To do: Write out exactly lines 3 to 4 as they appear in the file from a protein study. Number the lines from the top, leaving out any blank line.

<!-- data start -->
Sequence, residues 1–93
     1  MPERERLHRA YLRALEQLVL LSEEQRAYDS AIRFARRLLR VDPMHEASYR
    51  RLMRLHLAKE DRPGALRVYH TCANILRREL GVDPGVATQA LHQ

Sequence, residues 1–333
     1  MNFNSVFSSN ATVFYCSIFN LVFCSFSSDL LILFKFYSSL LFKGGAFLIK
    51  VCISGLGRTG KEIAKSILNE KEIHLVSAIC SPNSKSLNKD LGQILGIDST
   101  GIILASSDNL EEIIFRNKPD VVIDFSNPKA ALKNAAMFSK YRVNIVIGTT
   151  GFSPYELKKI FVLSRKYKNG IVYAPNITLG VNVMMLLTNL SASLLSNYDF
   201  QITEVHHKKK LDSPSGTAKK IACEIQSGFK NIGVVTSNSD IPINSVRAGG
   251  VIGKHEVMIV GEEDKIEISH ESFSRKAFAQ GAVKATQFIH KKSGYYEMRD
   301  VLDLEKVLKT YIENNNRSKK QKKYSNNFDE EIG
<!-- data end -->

    51  RLMRLHLAKE DRPGALRVYH TCANILRREL GVDPGVATQA LHQ

Sequence, residues 1–333